In an era of large-scale redundancies, short-time working and a virtual hiring freeze in some areas, recruitment firms are coming under increasing pressure to perform.
Having ridden the boom in recent years, it was only a matter of time before recruiters began to feel the pain of the downturn, as illustrated by Swiss-based Adecco's dramatic second quarter loss reported on Tuesday.
The world's largest staffing company announced a second-quarter net loss of €147 million (SFr225 million) with revenues down by almost a third. Analysts had been forecasting a profit of €29 million.
The tumble was a sharp contrast to the same period last year when the group recorded a net profit of €212 million.
Now large international recruiters like Adecco, along with rivals such as USG People, Hays and Michael Page, are themselves cutting jobs to protect profitability.
Jobs in jeopardy?
Although Adecco has its headquarters in Zurich, Switzerland is by no means the most problematic country for the group in terms of decline in revenue. That dubious honour goes to France.
The Swiss unemployment rate rose to 3.7 per cent in July, with 145,364 people out of work, according to the State Secretariat for Economic Affairs (Seco).
This is not quite an historic high, as the same level was most recently reached in 2006. However some commentators speak of a further 80,000 jobs in jeopardy in the next 12 months.
But Switzerland is something of a special case when it comes to the labour market, as George Sheldon, economics professor at Basel University told swissinfo.ch.
Sheldon also disputes the predictions of unemployment topping 5.5 per cent in 2010. "I think that's way too high. My indicators show that presently, looking at the dynamics in the system, it probably won't go over 4.2 per cent."
"There's basically always a latent labour shortage in Switzerland over the long term. If you look back from the 1970s to the present there has always been an influx of workers," Sheldon explains.
Give and take
The professor also points to short-time working and the generous but strict unemployment insurance system as factors which will continue to mitigate the effects of the economic crisis on the labour market.
"There is that give and take. It's a very generous system in terms of the level of benefits. The maximum insured annual income is SFr108,000 and if you have dependents you can get up to 80 per cent of that, although it's taxable.
On the other hand you have to show proof that you are looking for a job. The Swiss are much more resolute in monitoring this."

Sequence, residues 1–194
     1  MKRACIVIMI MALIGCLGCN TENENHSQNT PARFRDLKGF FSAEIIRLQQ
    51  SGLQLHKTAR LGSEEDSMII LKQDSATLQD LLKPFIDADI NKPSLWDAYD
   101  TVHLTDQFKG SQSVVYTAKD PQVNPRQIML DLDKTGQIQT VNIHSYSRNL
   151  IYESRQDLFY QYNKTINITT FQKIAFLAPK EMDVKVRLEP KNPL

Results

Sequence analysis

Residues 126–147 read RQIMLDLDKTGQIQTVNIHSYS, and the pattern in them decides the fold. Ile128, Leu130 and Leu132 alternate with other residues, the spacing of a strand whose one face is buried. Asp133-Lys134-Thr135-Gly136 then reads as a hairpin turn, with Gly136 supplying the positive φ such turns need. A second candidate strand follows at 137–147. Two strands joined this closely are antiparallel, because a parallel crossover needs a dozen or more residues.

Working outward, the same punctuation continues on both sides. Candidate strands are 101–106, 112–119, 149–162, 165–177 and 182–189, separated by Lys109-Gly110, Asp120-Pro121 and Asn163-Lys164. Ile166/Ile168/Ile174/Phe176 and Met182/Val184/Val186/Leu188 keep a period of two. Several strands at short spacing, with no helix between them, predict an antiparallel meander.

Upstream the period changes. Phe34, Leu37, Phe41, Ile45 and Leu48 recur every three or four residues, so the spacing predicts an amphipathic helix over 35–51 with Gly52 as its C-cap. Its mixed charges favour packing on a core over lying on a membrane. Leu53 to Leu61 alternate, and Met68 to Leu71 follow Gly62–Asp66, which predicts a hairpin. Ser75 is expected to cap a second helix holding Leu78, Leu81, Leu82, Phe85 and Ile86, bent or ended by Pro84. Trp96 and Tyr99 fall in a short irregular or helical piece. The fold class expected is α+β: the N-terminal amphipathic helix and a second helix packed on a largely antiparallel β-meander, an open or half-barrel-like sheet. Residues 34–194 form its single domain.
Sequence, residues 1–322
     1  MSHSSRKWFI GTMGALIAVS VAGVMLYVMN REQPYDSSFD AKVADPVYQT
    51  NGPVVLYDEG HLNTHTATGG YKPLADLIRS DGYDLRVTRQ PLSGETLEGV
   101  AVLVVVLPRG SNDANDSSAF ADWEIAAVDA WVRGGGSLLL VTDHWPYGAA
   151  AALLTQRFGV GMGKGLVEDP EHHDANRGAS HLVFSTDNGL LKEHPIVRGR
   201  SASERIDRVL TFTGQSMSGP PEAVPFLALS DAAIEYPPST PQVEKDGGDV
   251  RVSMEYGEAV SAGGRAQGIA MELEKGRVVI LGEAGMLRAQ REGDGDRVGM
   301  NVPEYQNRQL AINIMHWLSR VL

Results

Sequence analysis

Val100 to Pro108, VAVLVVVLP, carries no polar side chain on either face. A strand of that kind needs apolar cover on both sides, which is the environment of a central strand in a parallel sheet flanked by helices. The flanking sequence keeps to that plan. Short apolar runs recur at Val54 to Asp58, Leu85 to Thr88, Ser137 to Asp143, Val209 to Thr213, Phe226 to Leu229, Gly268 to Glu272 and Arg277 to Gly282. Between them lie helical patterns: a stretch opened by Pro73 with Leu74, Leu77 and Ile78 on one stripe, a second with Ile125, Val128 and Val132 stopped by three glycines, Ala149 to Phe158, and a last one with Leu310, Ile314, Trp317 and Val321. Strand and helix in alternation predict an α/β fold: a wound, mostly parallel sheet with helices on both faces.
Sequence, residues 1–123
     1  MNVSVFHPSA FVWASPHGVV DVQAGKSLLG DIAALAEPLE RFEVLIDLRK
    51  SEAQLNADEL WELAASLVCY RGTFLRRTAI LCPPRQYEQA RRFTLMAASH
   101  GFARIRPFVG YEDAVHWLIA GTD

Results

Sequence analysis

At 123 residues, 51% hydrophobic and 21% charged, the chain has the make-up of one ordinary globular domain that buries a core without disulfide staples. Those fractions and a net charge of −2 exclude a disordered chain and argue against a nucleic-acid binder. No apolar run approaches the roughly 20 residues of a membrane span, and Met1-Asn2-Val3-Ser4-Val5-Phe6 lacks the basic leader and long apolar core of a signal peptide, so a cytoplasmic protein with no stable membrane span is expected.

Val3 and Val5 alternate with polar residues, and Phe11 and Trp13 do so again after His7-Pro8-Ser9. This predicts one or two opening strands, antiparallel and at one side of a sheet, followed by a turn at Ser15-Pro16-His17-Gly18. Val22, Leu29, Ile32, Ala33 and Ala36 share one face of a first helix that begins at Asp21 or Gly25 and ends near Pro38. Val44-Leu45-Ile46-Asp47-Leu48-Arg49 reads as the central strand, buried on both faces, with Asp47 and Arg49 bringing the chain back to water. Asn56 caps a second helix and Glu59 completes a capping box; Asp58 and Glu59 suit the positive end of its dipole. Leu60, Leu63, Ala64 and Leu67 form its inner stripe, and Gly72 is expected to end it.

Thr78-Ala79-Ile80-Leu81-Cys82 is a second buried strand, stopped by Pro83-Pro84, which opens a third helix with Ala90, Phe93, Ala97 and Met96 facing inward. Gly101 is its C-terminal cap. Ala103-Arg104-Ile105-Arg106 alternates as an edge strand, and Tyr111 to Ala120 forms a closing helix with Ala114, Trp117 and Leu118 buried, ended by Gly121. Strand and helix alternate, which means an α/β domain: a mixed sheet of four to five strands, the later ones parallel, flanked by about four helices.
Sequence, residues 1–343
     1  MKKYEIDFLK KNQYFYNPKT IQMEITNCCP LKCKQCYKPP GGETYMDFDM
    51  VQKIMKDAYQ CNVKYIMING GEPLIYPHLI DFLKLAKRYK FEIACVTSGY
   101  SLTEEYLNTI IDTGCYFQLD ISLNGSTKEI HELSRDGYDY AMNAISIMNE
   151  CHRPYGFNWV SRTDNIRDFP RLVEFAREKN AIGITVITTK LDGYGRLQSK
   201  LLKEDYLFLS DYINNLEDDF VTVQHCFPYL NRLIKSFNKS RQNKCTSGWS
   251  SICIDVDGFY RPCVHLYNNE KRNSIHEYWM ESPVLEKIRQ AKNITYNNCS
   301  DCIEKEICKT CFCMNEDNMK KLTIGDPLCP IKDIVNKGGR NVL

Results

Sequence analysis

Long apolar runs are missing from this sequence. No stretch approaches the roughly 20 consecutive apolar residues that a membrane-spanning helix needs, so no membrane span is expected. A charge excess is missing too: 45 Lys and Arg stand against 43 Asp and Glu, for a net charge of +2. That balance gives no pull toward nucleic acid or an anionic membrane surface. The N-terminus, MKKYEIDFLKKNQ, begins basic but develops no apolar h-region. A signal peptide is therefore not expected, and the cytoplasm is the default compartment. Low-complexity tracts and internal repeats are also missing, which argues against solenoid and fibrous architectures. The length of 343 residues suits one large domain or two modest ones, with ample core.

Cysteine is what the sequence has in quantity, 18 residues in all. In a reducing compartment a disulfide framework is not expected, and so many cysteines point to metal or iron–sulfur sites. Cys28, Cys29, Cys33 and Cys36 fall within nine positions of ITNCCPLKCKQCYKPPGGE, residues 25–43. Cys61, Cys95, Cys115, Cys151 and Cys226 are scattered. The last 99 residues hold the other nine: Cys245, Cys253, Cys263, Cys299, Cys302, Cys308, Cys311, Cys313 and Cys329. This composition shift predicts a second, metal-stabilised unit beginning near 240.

Although Sheldon agrees that there has been a net shedding of jobs across the board, he says it doesn't mean that no new staff are being taken on.
"It could very well be that firms are cutting back in one area while increasing in another. Looking across the whole industry there are more people being let go than taken on but it's a two-way street."
So where does this leave recruiters? Clearly less busy than before. In its most recent quarterly jobs market barometer published in June, online recruiter Manpower found employers were facing the third quarter of this year with uncertainty.
Of the 775 Swiss employers surveyed, six per cent anticipated they would increase their workforce, while seven per cent expected to cut jobs. More than eight out of ten expected no change in their headcount.
Another leading online recruiter - Jobs.ch - has seen a drop in the number of positions advertised on its site from 30,000 at the end of July 2008 to less than 23,000 this year. Meanwhile more jobseekers are visiting the site, up 37 per cent compared with July last year.
Jobs.ch professes to be satisfied with its results and has even hired 20 staff in the past year and launched three new sub-sites.
Guy de Brabois of Robert Walters Switzerland is a financial recruitment specialist. He admits the market has suffered overall but says niche areas are doing well despite the crisis.
"Crises and changes in economic cycles create demand in other areas. Although some sectors are suffering, others are still flourishing and can take advantage of the crisis to attract talents from other industries."
De Brabois predicts it will be hard for some of the less established players who emerged in the booming market to survive.
"There were many boutiques opened by people who were not specialists in recruitment but had a network in the field.
When companies were really struggling to hire new people it was easy for them but we've now gone from a market that was candidate driven to a market that is more company driven."
The Swiss jobs market showed no sign of recovery in the second quarter of 2009 (April, May, June), according to figures released by Adecco Switzerland.
The number of jobs advertised was down by 10 per cent compared with the same period in 2008.
The decline affected all regions and methods of advertising employment.
The Geneva region was the only place which showed a more stable level of activity.
There are as yet no signs of a change in trend of recovery, Adecco Switzerland said.
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